Six weeks of renewed fighting between Azerbaijan and Armenia over the disputed territory of Nagorno-Karabakh ended last week after Russia brokered a trilateral agreement with the warring parties. Baku is trumpeting its victory on the field of battle and at the negotiating table, while Yerevan is mired in anger and bitter recriminations. How enduring will the peace agreement be?
Facing defeat by superior Azerbaijani military forces, Armenia had little option but to accept a negotiated settlement. The agreement obliges Armenia to withdraw from all Azerbaijani territories surrounding Nagorno-Karabakh it has occupied since 1994. A 2000-strong contingent of Russian troops has already been deployed to police the line of contact between the warring parties in Nagorno-Karabakh, and to patrol the Lachin transit corridor linking the territory with Armenia.
The agreement may have ended the conflict for now. But it is unlikely to usher in lasting peace.
Because the sketchy nine-point accord leaves the underlying issues unresolved, not least the long-term status of Nagorno-Karabakh itself. And this is crucial: the visceral emotions aroused by Nagorno-Karabakh for both Armenians and Azerbaijanis underlies their bitter enmity and explains the intractability of the conflict.
Russia’s lead role in implementing the agreement on the ground means it is left carrying the can.
So while obliged for now to swallow a bitter pill, Armenia will see this very much as unfinished business. Anger and humiliation at their defeat can only reinforce aggrieved Armenian nationalist sentiment, already a powerful driver harking back to the 1915 massacres of Armenians by Turkey. Armenians will feel abandoned too by Russia for its conspicuous lack of support (although Moscow contends its treaty commitment to Armenia’s security does not extend to Nagorno-Karabakh, as disputed territory) – in stark contrast to Turkey’s strong backing for Azerbaijan.
Just as Azerbaijan’s loss of Nagorno-Karabakh and its surrounding districts after the 1994 ceasefire fired its burning resentment and resolve over the next quarter century to recover its lands, so too now an embittered Armenia will no doubt be waiting for an opportunity to turn the tables on Azerbaijan.
Hardly, then, a recipe for enduring regional stability.
As for external players, both Russia and Turkey have made gains from the latest conflict, while Western powers have been sidelined. This has some wider geopolitical significance, given the importance of the South Caucasus as a crossroads between Europe, Asia and the Middle East.
The outcome extends Turkey’s role and influence in the region. Ankara’s strong political support and military assistance for Azerbaijan was crucial, tipping the scales in the conflict. Turkey may yet play a role on the ground in enforcing the Moscow agreement, although Russia seems determined to limit this to an observer capacity. Importantly too, agreement to establish a transport corridor between the Azerbaijani exclave of Nakhchivan and the rest of Azerbaijan will give Turkey direct access through to the Caspian Sea and trade routes beyond.
Russia’s role in brokering the deal, and its guaranteed military presence on the ground for at least the next five years in supervising implementation of the agreement, enhances its leverage and influence over Yerevan and Baku. And Moscow has been able to place some check on Turkey’s growing influence in the region. Russia’s relations with Armenia will have been damaged, but the Kremlin will lose no sleep over the fate of Prime Minister Nikol Pashinyan’s embattled democratic government. Moscow will calculate too – probably correctly – that ultimately Armenia has no alternative to Russia, given Yerevan’s enmity with both Ankara and Baku, and continued economic and military dependence on Russia.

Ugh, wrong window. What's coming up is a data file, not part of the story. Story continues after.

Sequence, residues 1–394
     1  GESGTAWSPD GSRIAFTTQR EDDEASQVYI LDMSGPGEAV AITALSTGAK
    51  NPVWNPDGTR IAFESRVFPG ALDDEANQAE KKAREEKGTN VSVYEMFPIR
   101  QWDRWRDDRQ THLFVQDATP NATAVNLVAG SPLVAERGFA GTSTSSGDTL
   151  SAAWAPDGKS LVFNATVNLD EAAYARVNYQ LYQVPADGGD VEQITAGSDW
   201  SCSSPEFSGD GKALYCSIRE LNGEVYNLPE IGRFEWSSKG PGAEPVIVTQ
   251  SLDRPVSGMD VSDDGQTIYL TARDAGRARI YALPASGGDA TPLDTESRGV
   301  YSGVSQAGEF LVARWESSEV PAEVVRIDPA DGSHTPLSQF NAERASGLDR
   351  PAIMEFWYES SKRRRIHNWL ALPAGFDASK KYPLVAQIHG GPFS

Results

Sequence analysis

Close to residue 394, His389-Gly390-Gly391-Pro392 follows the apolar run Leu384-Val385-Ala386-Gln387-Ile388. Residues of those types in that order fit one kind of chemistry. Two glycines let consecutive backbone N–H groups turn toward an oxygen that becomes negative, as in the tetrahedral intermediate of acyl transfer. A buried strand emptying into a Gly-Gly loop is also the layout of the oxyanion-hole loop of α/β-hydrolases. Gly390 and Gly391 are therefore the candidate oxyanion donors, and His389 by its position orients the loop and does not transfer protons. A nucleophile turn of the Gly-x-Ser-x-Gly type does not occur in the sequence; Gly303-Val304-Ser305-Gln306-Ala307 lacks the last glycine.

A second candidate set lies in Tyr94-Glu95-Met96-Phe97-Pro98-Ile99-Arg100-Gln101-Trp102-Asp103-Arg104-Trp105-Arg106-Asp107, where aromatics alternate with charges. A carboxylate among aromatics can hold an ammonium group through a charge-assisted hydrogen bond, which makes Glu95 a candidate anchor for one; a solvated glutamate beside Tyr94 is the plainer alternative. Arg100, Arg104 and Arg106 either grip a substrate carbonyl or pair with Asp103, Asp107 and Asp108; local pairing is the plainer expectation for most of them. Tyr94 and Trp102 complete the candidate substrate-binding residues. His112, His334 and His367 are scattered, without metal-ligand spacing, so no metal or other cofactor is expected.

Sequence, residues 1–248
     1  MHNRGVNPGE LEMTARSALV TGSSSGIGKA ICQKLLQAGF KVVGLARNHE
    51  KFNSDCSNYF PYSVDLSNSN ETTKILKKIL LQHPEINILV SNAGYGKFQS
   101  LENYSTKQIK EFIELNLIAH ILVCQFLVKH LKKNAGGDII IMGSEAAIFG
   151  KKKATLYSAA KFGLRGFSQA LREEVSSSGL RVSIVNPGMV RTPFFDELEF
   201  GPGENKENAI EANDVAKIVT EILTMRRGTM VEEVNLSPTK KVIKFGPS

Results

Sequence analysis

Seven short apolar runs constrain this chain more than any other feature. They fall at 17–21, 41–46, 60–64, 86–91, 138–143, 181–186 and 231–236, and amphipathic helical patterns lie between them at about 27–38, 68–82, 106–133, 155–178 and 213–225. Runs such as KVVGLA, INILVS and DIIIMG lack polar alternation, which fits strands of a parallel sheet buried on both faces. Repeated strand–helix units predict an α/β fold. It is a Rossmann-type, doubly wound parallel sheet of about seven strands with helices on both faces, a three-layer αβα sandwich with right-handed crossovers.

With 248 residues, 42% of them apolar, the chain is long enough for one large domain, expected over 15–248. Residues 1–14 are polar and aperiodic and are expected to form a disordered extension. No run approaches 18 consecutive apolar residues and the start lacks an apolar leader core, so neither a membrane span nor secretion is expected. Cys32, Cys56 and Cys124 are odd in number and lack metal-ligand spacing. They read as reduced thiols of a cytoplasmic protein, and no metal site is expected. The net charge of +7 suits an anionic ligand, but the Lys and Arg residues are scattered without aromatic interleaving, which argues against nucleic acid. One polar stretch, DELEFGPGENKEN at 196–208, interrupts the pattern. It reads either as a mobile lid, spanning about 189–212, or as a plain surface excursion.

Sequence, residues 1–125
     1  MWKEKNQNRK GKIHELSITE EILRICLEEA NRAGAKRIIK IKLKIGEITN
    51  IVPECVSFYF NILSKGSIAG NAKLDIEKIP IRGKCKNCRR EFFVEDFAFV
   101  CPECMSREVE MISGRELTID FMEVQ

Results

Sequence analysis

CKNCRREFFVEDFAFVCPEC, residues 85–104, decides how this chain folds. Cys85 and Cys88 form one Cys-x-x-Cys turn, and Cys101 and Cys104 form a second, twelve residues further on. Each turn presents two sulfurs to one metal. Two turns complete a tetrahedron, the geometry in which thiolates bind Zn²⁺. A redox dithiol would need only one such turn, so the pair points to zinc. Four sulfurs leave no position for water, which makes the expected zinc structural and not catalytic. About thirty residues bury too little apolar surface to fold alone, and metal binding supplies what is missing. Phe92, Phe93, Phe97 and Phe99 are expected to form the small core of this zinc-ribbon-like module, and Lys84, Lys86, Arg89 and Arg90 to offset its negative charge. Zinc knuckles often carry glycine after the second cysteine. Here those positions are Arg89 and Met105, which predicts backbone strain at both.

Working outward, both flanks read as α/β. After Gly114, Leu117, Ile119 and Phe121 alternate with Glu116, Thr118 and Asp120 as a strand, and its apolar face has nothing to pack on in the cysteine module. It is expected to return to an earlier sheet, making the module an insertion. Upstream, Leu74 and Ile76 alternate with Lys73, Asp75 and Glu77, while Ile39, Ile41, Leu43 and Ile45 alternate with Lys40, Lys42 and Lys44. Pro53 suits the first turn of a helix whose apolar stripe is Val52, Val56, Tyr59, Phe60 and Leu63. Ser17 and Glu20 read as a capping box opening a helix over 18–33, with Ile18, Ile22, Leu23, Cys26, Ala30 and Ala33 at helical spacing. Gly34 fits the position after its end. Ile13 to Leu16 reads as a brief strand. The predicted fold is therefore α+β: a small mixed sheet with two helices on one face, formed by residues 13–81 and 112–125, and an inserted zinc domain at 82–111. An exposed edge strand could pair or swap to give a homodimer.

Yet Russia’s lead role in implementing the agreement on the ground means it is left carrying the can: Russia is now responsible for limiting any resumption of fighting and providing safe conditions for the orderly return of displaced civilians, which carries potential risks for Moscow in its relations with both Baku and Yerevan.
By contrast, Western states have been relatively disengaged, notably France and the US, the co-guarantors (with Russia) of the Organisation for Security and Co-operation in Europe “Minsk process” set up in 1994 to negotiate a settlement in Nagorno-Karabakh. This has helped Moscow and Ankara extend their influence in the region – and raises a question mark over whether the OSCE Minsk process has any future role to play. Yet, at some point, while determined to preserve its leading role, Moscow may not be averse to multilateralising some of the responsibility – and risks – inherent in the challenging task of keeping the peace between implacably hostile Azeris and Armenians in Nagorno-Karabakh.
Looking ahead, a key issue will be whether and how Russia and Turkey can manage their relations in the South Caucasus. The two powers have already found themselves on opposing sides in Syria and Libya, yet Vladimir Putin and Recep Tayyip Erdoğan have managed to maintain a functional working relationship. Rivalry and competing interests in the South Caucasus will, though, likely provide another point of potential friction.
Peace for now, then, in the South Caucasus, but little prospect of lasting stability.